Now the plot begins:

“But then I was in the chemist’s and this happened.

“I saw an old witch. . . . [H]ere she was beside me, in the chemist’s. A tiny bent-over woman, with a nose nearly meeting her chin, in black heavy dusty clothes, and something not far off a bonnet. . . . Fierce blue eyes, under grey craggy brows, but there was something sweet in them.” (20). The description is detailed, but hardly objective.

This old woman (Mrs. Fowler) has a prescription for Valium, but she buys aspirin instead: the chemist “handed her the aspirin, and took her money, which she counted out slowly, coin by coin, from the depths of a great rusty bag.” Janna then makes her own purchases, which she details for the reader: “Then he took the money for my things—nail varnish, blusher, eye liner, eye shadow, lipstick, lip gloss, powder, mascara”. (21) This list constitutes a small congeries, the rhetorical figure which is made up of a heap of things.

Janna walks Mrs. Fowler home: “It was hard to walk so slowly. . . . She took one step, then paused, examined the pavement, then another step. . . . I looked up and down the streets and saw—old women. Old men too, but mostly old women. . . .  I was afraid of being like them. I was afraid, walking along there beside her. It was the smell of her, a sweet, sour, dusty sort of smell. I saw the grime on her thin old neck, and on her hands” (21; my ellipses). The descriptions are coloured by Janna’s fear and disgust. But she goes in and has a cup of tea with Maudie.

Descriptions in the initial section, before Janna meets Mrs. Fowler, are sparse. No objects are described. There is no description of Freddie or of Janna’s sister. Janna does note her attention to her appearance, and of course she describes her mother. Once the story begins, descriptions become more detailed. Janna mentions Mrs. Fowler’s aspirin and the coins she takes from her great rusty bag to pay for them. Janna lists the items she purchases. As they walk to Mrs. Fowler’s room Janna notices the other people, and particularly the old people. And most notably she notices Mrs. Fowler’s smell and the grime on her neck and hands. The reader remembers that Janna reacted to her mother’s smell as she was dying.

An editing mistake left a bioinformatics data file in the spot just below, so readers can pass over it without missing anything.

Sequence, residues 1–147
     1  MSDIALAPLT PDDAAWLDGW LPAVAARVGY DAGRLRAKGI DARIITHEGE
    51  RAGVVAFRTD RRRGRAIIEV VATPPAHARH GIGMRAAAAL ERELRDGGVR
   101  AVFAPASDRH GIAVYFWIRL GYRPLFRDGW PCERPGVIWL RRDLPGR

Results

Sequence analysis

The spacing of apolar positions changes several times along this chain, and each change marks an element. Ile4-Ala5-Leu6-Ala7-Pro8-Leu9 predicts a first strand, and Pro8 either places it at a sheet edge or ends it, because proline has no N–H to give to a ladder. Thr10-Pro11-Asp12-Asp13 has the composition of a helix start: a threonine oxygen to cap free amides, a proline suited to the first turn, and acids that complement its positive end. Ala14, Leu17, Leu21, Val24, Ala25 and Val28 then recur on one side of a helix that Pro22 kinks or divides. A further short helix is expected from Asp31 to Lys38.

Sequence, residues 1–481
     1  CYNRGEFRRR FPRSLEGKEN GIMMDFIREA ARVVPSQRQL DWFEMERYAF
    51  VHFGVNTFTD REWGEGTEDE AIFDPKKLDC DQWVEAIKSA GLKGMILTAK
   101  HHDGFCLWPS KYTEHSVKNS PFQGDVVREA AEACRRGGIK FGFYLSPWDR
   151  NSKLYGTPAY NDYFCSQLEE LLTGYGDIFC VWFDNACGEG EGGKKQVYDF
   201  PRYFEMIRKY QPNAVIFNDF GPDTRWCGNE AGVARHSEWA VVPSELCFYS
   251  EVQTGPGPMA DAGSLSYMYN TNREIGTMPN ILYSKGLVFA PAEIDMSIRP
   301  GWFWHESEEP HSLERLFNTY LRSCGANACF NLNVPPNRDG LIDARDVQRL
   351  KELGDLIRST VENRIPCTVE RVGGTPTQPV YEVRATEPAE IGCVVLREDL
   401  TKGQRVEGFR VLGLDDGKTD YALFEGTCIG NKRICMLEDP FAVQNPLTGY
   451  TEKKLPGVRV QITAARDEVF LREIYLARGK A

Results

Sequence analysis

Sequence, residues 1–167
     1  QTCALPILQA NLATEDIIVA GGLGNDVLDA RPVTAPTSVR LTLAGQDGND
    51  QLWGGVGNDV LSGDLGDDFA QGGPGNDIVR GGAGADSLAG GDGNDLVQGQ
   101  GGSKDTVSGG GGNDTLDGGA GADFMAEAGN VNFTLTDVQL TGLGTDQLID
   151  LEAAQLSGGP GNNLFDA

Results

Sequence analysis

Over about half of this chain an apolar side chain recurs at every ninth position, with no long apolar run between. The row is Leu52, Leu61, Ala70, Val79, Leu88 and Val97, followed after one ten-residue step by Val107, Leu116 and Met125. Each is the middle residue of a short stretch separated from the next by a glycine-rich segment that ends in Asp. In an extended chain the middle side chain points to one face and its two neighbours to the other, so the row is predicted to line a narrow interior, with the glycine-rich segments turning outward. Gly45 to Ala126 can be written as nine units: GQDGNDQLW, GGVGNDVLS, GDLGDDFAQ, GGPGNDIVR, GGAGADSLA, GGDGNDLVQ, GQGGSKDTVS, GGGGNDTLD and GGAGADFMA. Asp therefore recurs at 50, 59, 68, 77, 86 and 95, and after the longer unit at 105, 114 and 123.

Janna’s first-person account tells us about the physical world of the story, but more significantly about Janna’s reaction to it and her way of being in the world. For instance, the list of items Janna purchases is not gratuitous: it reinforces our sense of her attention to her appearance. If we say that this list is an example of the rhetorical figure congeries, we are commenting on the synthetic aspect. If we note that this list contributes to the world-building of the novel, we are commenting on the mimetic aspect. And if we add that this list reinforces our sense of Janna’s attention to her appearance, which we have already seen in the initial summary and which will continue to be important throughout the novel, we are interpreting the thematic aspect.

In my next post I will continue to examine the mimetic aspect of The Good Neighbour.

One thought on “Mimesis in Doris Lessing’s “The Good Neighbour”

  1. So this is a complicated interrogation of novelistic probing themes and their consequences. I want to read the novels again but also wonder about mystical levels before I embark. Your snags is s of metaphors is soothing in the face of fiction’s anguish. Thank you so much.